Date of Award

Fall 12-20-2020

Level of Access Assigned by Author

Open-Access Dissertation

Degree Name

Doctor of Philosophy (PhD)




James Artesani

Second Committee Member

Sidney Mitchell

Third Committee Member

Craig Mason

Additional Committee Members

Catharine Biddle

Elyse Pratt-Ronco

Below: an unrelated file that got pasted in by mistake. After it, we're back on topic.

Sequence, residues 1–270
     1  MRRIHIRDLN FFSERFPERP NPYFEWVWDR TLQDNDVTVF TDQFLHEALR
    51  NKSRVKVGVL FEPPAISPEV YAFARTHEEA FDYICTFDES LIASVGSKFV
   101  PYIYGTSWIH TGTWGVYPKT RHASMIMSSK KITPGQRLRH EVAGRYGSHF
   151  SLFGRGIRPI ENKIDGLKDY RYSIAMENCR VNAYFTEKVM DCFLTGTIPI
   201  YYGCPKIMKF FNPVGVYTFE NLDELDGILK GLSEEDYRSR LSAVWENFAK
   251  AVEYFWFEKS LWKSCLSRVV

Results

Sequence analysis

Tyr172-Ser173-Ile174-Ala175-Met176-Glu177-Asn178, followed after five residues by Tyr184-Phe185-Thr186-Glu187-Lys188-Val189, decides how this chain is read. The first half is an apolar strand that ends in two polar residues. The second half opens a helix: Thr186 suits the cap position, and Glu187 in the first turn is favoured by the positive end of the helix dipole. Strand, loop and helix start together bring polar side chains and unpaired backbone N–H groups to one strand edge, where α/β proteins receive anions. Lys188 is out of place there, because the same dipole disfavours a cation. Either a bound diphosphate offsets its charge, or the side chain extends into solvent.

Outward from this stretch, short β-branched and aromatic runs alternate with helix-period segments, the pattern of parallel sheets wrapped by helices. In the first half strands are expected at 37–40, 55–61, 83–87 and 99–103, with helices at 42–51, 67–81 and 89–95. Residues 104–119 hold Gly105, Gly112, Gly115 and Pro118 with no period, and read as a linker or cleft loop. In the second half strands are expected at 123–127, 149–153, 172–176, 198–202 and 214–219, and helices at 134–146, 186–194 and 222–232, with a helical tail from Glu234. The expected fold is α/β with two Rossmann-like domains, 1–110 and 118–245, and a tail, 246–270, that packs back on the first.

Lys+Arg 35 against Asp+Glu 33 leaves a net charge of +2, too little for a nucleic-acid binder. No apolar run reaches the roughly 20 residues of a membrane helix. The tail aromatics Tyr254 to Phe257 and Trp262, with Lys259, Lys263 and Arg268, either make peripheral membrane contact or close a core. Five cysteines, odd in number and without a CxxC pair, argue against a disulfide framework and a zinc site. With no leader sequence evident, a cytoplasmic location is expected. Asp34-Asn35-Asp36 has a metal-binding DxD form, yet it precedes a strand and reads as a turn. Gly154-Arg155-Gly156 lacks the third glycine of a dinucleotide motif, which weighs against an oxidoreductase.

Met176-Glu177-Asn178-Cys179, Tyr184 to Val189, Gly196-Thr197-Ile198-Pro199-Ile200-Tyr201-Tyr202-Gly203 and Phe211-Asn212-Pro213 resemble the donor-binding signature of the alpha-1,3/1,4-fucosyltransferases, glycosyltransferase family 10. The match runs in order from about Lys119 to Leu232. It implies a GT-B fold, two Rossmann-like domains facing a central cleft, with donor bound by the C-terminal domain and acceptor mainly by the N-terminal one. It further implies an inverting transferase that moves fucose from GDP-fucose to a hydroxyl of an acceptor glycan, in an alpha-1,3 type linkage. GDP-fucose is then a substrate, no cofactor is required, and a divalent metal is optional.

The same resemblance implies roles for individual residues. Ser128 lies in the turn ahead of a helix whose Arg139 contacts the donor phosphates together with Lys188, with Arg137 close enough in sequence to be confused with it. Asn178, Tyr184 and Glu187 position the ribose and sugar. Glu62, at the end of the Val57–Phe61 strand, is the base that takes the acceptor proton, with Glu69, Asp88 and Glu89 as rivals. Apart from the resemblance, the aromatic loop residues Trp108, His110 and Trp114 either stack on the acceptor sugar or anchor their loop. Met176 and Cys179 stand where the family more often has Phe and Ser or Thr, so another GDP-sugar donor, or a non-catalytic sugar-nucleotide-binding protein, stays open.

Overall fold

For decades, researchers have understood the deleterious emotional and psychological effects that can result from working with individuals who have experienced trauma and adverse childhood experiences (ACEs) including vicarious traumatization, compassion fatigue, secondary traumatic stress (STS), burnout, and an intent to leave the profession (Figley, 1995; McCann & Pearlman, 1990; Stamm, 1999). Figley (1995) deemed such effects as an almost inevitable “cost to caring” (p.1) for those who have experienced adversity. Teachers, however, have been largely left out of the discussion surrounding such effects. The purpose of this quantitative study is two-fold. First, the purpose is to understand the extent to which Maine teachers experience costs to caring defined in this study as STS, burnout, and a desire to leave the profession. The second purpose is to test a conceptual Teacher Costs to Caring Resilience Model (TCCRM) using structural equation modeling (SEM). The purpose of the TCCRM is to aid in the understanding of risk and protective factors that contribute to teachers’ costs to caring. The TCCRM is theoretically based on the Compassion Fatigue Resilience Model (Ludick & Figley, 2017). The sample for this study consisted of 542 K-12 Maine teachers who were members of the Maine Education Association, the state-level chapter of the National Education Association. Data was collected online using The Maine Teacher Resilience Survey during February and March of 2020. Findings suggest that personal resilience and compassion satisfaction have a strong negative direct effect on costs to caring. Further, working in a positive school climate showed a strong negative indirect effect on costs to caring. Additionally, teachers who have personally experienced ACEs may be at a slightly higher risk of experiencing costs of caring than those who have not. Using a systems-based approach at school, district, and state levels based on a final TCCRM to mitigate risks associated with teacher cost to caring is suggested.